What makes Barter Theatre's acclaimed new version of "The Diary of Anne Frank" so riveting, says director Richard Rose, is that Anne speaks the diary entries herself as monologues to the audience rather than relying on a prerecorded voice over, as in the Broadway original.
"She connects with an audience in a way that wasn't evident before," says Rose, who is also producing artistic director of the Virginia-based Barter Theatre, the country's oldest year-round repertory company. "It brings an engaging immediacy, as though it were contemporary rather than historical. I haven't seen another production do that."
Barter will bring its production of "Anne Frank" to Wichita's Orpheum for one performance this week as part of a national tour. Rose says he has made two other significant changes of tone to freshen up the classic play.
"We allow the humor of Anne's observations to come through because we don't want it to be depressing, despite the seriousness of the story," Rose says. "And I wanted Anne to be a real girl, not some saint on a pedestal. She was a typical young teen. She could be snotty. She could be bratty. Audiences will identify with her as a child like others they know, not just a historical figure."
Rose, a Wisconsin native, is only the third person to be in charge of Barter Theatre since it was founded in 1933 at the height of the Depression. The name came about because actors and playwrights accepted food from cash-strapped local farmers for tickets. Writers like Noel Coward, Tennessee Williams and Thornton Wilder took Virginia hams —"ham for 'Hamlet' " became a tongue-in-cheek motto — but vegetarian George Bernard Shaw bartered rights to his plays for spinach.
Now the oldest year-round rep company in America as well as second largest, playing to 165,000 people last year, Barter has become famous for giving starts to such performers as Gregory Peck, Patricia Neal, Ernest Borgnine, Frances Fisher and Kevin Spacey.
Kelly Klein, who plays young Anne, says at first she was a little overwhelmed at the decision for her to perform the diary entries rather than prerecord them, because there was just so much material.
"But it really breathes life into those words for an audience. The reaction is so much better. They really connect with her, and that feels really great," says Klein, who grew up in Los Angeles and has been performing with Barter only since January. She previously was on TV in "Gilmore Girls" and in the movie "Taking Woodstock."
Klein, 25, says playing a 13-year-old is easy in one respect because she readily identifies with her thoughts and emotions.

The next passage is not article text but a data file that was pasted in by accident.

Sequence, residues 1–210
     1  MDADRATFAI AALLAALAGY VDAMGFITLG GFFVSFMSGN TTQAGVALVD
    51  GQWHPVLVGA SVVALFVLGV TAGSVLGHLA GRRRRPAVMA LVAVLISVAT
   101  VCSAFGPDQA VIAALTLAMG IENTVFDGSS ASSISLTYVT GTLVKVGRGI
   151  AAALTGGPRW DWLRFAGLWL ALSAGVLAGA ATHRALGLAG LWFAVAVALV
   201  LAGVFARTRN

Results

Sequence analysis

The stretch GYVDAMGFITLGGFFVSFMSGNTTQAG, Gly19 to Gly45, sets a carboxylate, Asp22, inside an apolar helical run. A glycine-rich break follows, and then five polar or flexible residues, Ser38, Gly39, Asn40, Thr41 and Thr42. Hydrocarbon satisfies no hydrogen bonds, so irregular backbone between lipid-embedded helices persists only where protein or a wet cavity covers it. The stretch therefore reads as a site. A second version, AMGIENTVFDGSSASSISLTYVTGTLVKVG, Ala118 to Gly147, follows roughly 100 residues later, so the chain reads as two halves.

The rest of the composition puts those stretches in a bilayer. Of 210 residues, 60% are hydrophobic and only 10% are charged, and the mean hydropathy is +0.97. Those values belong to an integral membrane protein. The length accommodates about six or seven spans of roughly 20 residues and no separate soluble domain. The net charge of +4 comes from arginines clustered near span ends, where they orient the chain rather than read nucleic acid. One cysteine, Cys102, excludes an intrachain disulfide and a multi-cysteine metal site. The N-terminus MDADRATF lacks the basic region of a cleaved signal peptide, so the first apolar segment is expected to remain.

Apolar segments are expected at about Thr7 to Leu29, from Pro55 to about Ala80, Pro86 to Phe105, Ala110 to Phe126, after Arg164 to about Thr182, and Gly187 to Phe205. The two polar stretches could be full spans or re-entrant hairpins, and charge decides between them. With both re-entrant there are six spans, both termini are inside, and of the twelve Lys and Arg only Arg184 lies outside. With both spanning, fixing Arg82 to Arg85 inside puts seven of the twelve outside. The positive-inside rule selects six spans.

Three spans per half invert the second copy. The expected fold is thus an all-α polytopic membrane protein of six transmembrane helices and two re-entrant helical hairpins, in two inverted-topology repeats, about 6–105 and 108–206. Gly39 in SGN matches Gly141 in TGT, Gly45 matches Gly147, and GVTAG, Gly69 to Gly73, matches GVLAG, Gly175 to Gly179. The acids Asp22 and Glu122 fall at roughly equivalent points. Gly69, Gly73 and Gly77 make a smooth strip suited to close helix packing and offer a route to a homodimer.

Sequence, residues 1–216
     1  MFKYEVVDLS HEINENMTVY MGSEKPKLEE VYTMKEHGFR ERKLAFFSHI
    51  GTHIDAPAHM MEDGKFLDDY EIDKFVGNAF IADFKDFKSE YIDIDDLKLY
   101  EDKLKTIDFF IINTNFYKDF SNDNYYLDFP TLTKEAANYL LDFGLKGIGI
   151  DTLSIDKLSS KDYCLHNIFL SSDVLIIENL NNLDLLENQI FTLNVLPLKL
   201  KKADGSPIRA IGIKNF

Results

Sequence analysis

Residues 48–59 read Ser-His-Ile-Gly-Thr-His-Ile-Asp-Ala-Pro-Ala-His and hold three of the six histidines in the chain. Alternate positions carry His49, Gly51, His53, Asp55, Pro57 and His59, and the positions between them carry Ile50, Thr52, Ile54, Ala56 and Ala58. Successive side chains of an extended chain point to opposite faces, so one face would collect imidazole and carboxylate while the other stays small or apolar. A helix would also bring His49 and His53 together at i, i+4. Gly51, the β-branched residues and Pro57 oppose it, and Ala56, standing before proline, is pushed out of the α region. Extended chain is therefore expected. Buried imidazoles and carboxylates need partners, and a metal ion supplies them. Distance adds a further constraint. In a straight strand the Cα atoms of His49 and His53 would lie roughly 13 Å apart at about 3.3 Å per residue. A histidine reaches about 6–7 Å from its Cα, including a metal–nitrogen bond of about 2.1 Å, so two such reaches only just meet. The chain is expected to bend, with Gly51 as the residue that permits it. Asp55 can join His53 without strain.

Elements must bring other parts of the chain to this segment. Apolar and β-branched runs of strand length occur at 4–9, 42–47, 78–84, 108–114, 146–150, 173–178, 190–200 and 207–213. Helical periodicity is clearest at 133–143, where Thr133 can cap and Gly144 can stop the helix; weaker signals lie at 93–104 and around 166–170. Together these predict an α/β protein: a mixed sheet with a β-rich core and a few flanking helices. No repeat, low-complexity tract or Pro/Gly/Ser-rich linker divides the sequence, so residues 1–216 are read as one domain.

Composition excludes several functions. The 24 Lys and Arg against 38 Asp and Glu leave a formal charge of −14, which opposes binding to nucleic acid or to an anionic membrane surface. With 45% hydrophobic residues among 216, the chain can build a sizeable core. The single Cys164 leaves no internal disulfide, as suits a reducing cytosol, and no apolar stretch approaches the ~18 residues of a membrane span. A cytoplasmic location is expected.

"I was a lot like Anne when I was 13," says Klein, who is half Jewish. "I remember being that age. I relate to her feeling restless and wondering what growing up would be like — changes in her body, new desires, feelings for a boy for the first time. I even started a diary of my own after we were assigned to read her book in school. She was such a good writer that it inspired me to go into creative writing."
Klein says her biggest challenge is leaving the emotional roller-coaster of Anne's story behind after she leaves the theater.
"Anne's emotions are all over the place, sometimes changing very quickly. In one scene, for instance, I am crying from a nightmare, and the very next, I'm laughing during Hanukkah," she says. "I use my own emotions to show Anne's emotions, and they get so wrapped up together that it can be hard to leave that behind after a performance. I generally have to take a nap and recharge."
Rose says this is the first "Anne Frank" Barter has mounted in the nearly 20 years he's been there. This revival, launched in January in the home theater at Abingdon and taken on the road this fall, turned out to be timely. Miep Gies, the heroic Dutch woman who helped Anne and her family hide from the Nazis for two years in a tiny attic, died this year. There are also a couple of new books about Anne, and David Mamet is scripting a movie about her for Disney.
"But those are merely coincidental to our choosing to do it," Rose says. "I've felt for a long time that it would be a powerful reminder in an era when human rights are being trampled on all over the world. I felt it would be a pertinent story to resurrect, particularly for younger audiences whose teachers have neglected history in the classroom because they have been pressed by 'No Child Left Behind' to increase test scores in math and reading at all costs," he says. "I felt this would be relevant and revelatory for a new generation."
If you go
'the diary of anne frank'
What: National touring production from Barter Theatre of Virginia
Where: Orpheum Theatre, 200 N. Broadway
When: 7:30 p.m. Wednesday